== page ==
Midwest Academy (MA)

Midwest Academy (MA)


* Training organization that teaches radical activists the tactics of direct action, targeting, confrontation, and intimidation
* Has deep socialist roots

The Midwest Academy (MA) was founded in 1973 by Heather Booth and Steve Max. Describing itself as “one of the nation’s oldest and best known schools for community organizations, citizen organizations and individuals committed to progressive social change,” this leftist training institute seeks to bring about “economic, racial, environmental and social justice” by teaching activists how to “alter the relations of power in our society where too much power is concentrated in the hands of too few.” As of January 2011, MA had trained more than 30,000 activists.

From MA’s earliest days, its training programs consisted of role-playing exercises coupled with readings, lectures, discussions, and first-hand observation sessions at actual demonstrations. Strongly emphasizing “class consciousness” and “movement history,” the organization exposed students to the efforts and achievements of veteran activists from earlier decades. MA’s recurring “socialism sessions,” taught by Heather Booth, focused on everything from Marx, Engels, and Lenin, through Michael Harrington’s democratic socialism and the factional struggles of the Students for a Democratic Society.

Knowing that many Americans would not be receptive to straightforward, hard-left advocacy, MA in its formative years was careful not to mention its socialist ideals explicitly in its organizing and training activities. The group’s inner circle was committed to building a socialist mass movement, but stealthily rather than overtly. As Steve Max and the prominent MA-friendly socialist Harry Boyte agreed in a correspondence during that era, “every social proposal that we make must be couched in terms of how it will strengthen capitalism.” Because MA has long sought to keep its socialist agendas hidden below the proverbial radar, Stanley Kurtz, author of Radical-in-Chief, calls it a “crypto-socialist organization.”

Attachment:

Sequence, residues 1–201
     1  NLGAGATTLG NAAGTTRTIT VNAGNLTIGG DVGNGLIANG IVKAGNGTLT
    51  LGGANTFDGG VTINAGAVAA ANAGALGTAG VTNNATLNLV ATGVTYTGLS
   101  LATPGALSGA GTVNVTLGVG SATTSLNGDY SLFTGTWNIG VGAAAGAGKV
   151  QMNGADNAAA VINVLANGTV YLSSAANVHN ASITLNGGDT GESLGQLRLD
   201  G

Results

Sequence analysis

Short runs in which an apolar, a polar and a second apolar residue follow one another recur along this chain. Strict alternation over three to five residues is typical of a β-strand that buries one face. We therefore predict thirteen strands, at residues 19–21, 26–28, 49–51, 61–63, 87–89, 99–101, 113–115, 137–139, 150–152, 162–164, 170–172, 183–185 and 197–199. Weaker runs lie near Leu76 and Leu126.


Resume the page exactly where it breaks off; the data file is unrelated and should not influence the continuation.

By the late 1970s, MA emphasized grassroots organizing as a means of infiltrating, participating in, and influencing the political establishment in the mode of Saul Alinsky. Most community groups of the era resisted this approach, fearing that such assimilation might dilute their members’ revolutionary zeal for wholesale societal transformation. But when the conservative Ronald Reagan was elected U.S. President in 1980, these organizations began to adopt MA’s approach as seemingly the most pragmatic means of changing American political values, albeit incrementally.

In the 1980s, MA was indirectly responsible for funding Barack Obama’s early organizing work, which began in June of 1985 in Chicago. At the time, Obama received key support from the Catholic Campaign for Human Development (CCHD) and the Woods Fund of Chicago. In both cases, Ken Rolling — who was a high official with the Midwest Academy, a Woods Fund board member, and a longtime member of CCHD’s national committee — likely played a major role in dispensing this money.
To this day, MA continues to indoctrinate its students in “us-versus-them” ideology, thereby producing an ever-growing cadre of radicalized activists. One prominent MA graduate is Service Employees International Union (SEIU) president Andrew Stern.

MA’s training sessions — titled “Organizing for Social Change” — are typically five days long. They teach techniques of “direct-action organizing,” whereby people are made “aware of their own power” to “take collective action on their own behalf” and address such societal issues as “rising inequalty in income and wealth.” MA’s openly confrontational modus operandi is reflected in a quote, attributed to Frederick Douglass, which appeared on the Academy website’s homepage as of January 2011: “Power concedes nothing without a demand. It never did and never will.” The chief objectives of MA’s tactics are interrelated: “electing our people to office” and “changing laws and regulations.”